The type of water you're using the sonar in affects its operation to a large degree. Sound waves travel easily in a clear fresh water environment, such as most inland lakes.
In saltwater however, sound is absorbed and reflected by suspended material in the water. Higher frequencies are most susceptible to this scattering of sound waves and can't penetrate salt water nearly as well as lower frequencies. Part of the problem with salt water is that it's a very dynamic environment - the oceans of the world. Wind and currents constantly mix the water. Wave action creates and mixes air bubbles into the water near the surface which scatters the sonar signal. Micro-organisms, such as algae and plankton, scatter and absorb the sonar signal. Minerals and salts suspended in the water do the same thing. Freshwater also has wind, currents, and micro-organisms living in it that affect the sonar's signal - but not as severely as salt water.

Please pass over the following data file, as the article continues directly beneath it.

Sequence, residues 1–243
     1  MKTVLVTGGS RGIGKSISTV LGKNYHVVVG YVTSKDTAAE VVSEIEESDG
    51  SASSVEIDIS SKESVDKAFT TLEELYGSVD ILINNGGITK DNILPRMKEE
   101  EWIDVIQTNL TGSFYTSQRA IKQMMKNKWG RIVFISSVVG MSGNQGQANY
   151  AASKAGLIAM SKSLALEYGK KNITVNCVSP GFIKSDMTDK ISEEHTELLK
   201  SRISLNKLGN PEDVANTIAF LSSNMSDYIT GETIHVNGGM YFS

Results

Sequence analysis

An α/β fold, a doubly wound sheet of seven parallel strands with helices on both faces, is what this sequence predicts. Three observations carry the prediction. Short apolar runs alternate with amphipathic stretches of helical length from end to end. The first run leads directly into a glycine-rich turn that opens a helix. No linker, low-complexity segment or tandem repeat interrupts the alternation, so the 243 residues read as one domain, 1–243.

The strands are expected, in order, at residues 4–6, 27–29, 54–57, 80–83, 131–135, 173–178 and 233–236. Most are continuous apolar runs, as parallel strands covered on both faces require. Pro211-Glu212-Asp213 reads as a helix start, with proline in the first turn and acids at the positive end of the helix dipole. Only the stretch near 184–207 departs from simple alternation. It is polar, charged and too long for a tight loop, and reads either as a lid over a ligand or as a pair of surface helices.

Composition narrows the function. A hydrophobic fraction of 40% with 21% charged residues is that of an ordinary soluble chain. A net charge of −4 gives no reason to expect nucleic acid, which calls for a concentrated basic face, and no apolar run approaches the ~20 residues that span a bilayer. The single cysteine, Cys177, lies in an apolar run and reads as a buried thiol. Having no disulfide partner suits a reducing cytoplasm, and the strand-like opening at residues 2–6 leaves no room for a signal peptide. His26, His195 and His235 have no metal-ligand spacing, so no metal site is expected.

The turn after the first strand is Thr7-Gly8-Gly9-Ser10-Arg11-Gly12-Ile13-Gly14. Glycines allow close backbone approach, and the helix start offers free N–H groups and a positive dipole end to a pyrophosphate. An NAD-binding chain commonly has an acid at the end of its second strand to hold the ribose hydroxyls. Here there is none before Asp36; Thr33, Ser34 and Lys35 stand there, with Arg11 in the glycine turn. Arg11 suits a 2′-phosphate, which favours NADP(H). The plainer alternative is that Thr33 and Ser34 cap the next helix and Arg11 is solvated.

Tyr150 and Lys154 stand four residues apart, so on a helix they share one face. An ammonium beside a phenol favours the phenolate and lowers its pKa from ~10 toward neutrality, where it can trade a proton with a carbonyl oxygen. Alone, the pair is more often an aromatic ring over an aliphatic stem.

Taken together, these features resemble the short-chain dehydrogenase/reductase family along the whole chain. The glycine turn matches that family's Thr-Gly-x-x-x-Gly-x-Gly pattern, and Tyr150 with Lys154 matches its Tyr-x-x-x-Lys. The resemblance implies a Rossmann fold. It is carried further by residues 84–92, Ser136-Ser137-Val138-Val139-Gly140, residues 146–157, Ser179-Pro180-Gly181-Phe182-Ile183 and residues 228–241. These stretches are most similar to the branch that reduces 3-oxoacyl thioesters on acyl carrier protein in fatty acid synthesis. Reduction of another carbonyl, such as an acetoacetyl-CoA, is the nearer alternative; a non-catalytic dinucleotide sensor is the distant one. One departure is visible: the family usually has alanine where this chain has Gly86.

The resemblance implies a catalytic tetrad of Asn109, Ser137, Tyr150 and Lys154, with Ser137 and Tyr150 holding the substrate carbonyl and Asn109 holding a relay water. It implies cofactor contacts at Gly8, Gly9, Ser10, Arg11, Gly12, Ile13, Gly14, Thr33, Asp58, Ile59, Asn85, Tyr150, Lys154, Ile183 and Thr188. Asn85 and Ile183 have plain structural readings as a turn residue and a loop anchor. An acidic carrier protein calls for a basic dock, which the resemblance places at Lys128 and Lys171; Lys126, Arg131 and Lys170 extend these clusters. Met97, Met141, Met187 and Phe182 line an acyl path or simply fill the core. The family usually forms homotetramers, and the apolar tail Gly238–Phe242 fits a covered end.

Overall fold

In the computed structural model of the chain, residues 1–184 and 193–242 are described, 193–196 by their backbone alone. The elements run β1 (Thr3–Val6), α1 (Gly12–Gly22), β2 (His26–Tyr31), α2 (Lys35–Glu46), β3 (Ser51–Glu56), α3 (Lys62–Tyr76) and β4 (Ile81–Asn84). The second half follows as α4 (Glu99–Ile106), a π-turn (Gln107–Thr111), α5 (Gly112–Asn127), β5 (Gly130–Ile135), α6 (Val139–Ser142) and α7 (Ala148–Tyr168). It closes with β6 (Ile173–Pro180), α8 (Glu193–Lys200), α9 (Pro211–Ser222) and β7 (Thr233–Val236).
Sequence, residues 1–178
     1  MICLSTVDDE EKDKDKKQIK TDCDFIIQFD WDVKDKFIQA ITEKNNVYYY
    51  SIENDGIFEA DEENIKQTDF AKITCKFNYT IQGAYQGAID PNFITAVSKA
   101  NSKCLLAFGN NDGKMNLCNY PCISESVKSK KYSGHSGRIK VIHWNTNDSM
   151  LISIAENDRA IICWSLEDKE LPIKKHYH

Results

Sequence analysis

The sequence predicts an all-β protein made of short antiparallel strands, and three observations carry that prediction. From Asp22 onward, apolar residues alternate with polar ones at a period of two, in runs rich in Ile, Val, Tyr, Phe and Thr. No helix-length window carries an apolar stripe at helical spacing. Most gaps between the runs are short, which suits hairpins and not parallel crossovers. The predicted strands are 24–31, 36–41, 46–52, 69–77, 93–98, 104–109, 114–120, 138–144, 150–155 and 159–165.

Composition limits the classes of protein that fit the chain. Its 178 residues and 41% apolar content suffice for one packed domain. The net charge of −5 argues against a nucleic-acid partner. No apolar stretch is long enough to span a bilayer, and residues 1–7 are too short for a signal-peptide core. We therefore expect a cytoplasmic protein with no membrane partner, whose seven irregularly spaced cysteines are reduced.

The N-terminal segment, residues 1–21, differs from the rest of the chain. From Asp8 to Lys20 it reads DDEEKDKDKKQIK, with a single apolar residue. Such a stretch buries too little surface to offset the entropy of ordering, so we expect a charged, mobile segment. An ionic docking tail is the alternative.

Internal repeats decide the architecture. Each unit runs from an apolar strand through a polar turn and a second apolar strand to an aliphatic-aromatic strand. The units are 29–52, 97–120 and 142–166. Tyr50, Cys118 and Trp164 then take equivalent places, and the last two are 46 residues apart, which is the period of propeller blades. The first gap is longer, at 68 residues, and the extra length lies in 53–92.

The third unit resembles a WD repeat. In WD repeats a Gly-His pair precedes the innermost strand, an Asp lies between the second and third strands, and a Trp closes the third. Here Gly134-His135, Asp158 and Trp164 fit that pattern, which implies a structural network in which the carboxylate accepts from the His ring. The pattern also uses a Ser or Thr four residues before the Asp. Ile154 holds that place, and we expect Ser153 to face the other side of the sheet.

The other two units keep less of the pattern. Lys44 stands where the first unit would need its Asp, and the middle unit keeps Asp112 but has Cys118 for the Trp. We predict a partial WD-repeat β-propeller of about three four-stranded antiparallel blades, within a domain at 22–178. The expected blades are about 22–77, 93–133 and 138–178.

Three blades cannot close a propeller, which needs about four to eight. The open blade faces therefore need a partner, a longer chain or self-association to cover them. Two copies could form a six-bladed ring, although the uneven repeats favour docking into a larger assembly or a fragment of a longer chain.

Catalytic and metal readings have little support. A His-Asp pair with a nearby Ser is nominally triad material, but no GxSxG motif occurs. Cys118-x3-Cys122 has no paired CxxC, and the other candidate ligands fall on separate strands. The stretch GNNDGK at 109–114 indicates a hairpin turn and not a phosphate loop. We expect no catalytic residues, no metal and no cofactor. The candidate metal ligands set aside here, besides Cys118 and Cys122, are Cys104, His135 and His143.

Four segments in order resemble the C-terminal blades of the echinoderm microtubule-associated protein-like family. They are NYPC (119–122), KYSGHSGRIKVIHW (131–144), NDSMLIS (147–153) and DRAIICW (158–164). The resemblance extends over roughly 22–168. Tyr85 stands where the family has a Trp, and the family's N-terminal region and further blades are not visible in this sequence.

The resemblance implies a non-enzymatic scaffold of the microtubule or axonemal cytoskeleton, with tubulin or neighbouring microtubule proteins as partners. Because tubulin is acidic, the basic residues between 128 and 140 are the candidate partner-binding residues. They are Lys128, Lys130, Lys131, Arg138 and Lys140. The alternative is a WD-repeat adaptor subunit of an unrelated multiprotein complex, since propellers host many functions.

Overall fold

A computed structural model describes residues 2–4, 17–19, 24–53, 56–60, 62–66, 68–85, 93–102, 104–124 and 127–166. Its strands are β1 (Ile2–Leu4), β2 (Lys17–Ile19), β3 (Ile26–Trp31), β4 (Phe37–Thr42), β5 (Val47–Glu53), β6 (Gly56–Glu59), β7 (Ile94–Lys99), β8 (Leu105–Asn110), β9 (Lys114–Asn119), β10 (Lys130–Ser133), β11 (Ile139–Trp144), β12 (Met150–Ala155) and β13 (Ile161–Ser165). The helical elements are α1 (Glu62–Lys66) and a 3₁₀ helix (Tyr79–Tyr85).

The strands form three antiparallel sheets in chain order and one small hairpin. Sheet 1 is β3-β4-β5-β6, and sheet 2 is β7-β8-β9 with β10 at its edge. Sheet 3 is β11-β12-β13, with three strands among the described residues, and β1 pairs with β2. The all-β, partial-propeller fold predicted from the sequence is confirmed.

Mud, sand, and vegetation on the bottom absorb and scatter the sonar signal, reducing the strength of the return echo. Rock, shale, coral and other hard objects reflect the sonar signal easily. You can see the difference on your sonar's screen. A soft bottom, such as mud, shows as a thin line across the screen. A hard bottom, such as rock, shows as a wide line on the sonar's screen.
You can compare sonar to using a flashlight in a dark room. Moving the light around the room, it's easily reflected from white walls, and bright, hard objects. Moving the light onto a darkly carpeted floor returns less light because the dark color of the carpet absorbs the light, and the rough texture scatters it, returning less light to your eyes. Adding smoke to the room (children, don't try this at home!), you'll see even less. The smoke is equivalent to salt water's effect on the sonar signal.